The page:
ensured since, usually, limited renovations only address the insulation of the building. Consequently,
the appropriate removal of stale air through mechanical ventilation becomes crucial in this particular
context. As non-residential buildings typically need higher ventilation rates required by higher
occupation density, this aspect is even more acute. In short, no building renovation should take place
without the implementation of a properly functioning mechanical ventilation system, especially if
minimum energy performance requirements are set for buildings. The room for improvement is
substantial as it is estimated that 60% of the European building stock is not fitted with such an
equipment and another 24% is equipped with systems which cannot guarantee a set air renewal rate.

EVIA therefore encourages the European Commission to consider the compulsory installation of a
mechanical ventilation in new buildings, given that this is already a requirement under building
regulations in many Member States.

Ensuring appropriate operation of Technical Buildings Systems (TBS) with a bearing on
energy performance
Currently, Member States are required to establish measures for the regular inspection of heating and
air-conditioning systems. Provision is also made for inspection reports, including recommendations
for improving the energy performance of the inspected system. These recommendations are based
on comparison to the best available feasible system. Inspection reports must be handed over to the
owner or tenant. EVIA deems that such obligations should also be extended to the stand-alone
ventilation systems since, in the absence of regular maintenance obligations, the vast majority of
those currently fitted in EU buildings are not operating up to the expected level of performance.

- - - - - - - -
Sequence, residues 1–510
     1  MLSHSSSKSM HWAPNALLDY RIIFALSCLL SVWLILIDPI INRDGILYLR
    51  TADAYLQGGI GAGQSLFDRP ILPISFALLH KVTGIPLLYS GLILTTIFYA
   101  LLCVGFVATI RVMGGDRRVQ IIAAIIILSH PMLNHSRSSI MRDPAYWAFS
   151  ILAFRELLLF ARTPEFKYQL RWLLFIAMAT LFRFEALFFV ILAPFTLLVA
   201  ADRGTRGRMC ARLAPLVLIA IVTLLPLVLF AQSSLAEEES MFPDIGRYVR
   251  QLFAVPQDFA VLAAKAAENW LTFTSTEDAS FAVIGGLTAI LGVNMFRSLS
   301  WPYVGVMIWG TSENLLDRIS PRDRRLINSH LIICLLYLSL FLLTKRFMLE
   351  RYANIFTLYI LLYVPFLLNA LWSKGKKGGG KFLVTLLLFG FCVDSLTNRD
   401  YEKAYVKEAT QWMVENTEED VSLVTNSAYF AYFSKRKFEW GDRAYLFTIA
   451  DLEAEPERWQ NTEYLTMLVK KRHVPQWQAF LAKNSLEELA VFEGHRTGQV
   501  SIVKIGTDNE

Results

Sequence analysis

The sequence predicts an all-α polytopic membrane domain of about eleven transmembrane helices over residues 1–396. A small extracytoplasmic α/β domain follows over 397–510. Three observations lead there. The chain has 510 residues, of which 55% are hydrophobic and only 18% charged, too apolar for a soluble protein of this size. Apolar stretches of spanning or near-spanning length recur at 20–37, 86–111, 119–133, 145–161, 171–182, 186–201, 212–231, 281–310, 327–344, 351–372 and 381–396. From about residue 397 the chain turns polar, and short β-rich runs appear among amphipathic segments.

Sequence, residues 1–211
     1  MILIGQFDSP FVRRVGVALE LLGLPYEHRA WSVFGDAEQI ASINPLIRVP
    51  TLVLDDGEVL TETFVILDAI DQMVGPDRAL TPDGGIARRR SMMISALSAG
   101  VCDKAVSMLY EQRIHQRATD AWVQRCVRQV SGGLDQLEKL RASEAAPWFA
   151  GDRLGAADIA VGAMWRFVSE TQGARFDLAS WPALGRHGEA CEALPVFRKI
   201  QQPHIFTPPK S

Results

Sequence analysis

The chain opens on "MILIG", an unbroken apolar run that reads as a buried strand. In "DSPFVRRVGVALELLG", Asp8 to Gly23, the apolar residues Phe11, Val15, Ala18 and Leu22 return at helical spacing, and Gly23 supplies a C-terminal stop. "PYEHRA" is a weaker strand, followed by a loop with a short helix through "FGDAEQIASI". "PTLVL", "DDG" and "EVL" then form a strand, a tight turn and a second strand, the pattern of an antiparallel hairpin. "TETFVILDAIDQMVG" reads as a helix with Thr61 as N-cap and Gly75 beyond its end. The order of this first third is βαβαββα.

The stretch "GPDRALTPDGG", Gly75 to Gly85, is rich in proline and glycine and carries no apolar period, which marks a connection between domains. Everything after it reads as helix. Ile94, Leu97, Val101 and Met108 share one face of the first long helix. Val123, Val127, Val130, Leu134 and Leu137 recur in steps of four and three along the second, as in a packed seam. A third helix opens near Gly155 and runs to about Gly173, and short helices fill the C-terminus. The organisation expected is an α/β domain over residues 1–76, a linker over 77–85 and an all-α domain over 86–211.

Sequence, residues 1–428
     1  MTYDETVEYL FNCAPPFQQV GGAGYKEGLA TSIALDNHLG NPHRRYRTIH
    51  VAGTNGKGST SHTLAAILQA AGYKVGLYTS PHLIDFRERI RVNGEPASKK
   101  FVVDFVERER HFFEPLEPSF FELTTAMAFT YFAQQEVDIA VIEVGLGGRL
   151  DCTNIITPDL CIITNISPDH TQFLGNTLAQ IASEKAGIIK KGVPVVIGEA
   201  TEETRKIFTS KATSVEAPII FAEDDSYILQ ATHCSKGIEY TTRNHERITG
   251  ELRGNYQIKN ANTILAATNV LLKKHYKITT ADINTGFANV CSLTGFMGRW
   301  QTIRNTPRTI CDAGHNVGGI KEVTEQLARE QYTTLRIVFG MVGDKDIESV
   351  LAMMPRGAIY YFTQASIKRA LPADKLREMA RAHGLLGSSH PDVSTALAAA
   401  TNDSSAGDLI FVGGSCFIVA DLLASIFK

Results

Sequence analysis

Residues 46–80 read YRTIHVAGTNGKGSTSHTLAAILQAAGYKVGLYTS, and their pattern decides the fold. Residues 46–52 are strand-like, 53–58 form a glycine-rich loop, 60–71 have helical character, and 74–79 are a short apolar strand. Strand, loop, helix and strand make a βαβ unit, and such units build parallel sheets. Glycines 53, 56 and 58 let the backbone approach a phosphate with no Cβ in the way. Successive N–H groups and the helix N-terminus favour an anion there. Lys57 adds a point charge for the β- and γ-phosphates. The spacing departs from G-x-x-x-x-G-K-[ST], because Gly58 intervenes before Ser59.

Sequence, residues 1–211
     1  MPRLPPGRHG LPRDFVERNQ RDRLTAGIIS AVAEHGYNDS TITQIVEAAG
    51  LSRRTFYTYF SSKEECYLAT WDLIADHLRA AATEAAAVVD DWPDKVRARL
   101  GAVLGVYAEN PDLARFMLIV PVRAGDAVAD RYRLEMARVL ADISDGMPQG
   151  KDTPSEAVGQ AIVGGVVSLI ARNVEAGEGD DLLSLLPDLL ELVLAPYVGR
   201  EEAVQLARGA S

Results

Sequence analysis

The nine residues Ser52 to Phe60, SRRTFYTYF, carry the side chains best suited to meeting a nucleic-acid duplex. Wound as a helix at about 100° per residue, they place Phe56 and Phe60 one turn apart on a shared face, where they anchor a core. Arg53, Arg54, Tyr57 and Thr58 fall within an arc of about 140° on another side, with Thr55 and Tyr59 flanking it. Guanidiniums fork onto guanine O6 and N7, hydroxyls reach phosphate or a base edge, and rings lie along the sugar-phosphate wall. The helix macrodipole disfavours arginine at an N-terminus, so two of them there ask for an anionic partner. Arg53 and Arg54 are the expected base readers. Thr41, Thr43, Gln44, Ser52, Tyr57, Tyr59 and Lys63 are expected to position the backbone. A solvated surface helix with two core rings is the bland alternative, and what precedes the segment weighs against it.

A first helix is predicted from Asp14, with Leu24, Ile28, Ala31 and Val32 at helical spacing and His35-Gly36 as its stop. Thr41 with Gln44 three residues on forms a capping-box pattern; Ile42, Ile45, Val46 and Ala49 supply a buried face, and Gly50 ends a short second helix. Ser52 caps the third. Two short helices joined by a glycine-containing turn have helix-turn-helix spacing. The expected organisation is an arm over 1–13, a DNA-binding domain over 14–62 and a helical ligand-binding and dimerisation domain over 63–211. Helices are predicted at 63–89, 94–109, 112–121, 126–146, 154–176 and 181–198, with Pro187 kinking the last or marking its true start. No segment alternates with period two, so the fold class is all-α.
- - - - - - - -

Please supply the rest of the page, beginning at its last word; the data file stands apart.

Thus, they are not delivering their added value regarding the optimisation of the heating and cooling
needs of buildings, as well as their contribution to an appropriate IAQ.

This inspection obligation should be completed by a maintenance one since, in the case the
inspection reveals that the ventilation system is not operating according to the expected level of
performance, corrective measures should be implemented to ensure that the system delivers its full
added value. Otherwise, the end goal of the inspection would not be attained.

Making information regarding installed technologies mandatory in an easy to read/easy to check
format for interested parties to analyse is essential for decision-makers to define the appropriate
regulatory measures to be implemented. If the data collection is not mandatory, some Member
States will not collect the necessary data and the implementation will be fragmented. All the collected
data should be centralised in an open database (such as the Building Stock Observatory) and the
analysis/categorisation of the information should also be made possible.

Setting minimum Indoor Air Quality (IAQ) performance requirements
Due to the great health impact and economic cost of poor IAQ as mentioned above, as well as the
close correlation and impact on energy efficiency, EVIA would recommend that the revised EPBD
requires Member States to define IAQ requirements in national legislation and measures to assess
compliance with them.

The European Parliament has in fact already recognised the importance of IAQ in energy efficient and
          healthy buildings. In its September 2020 resolution on “Maximising the energy efficiency potential of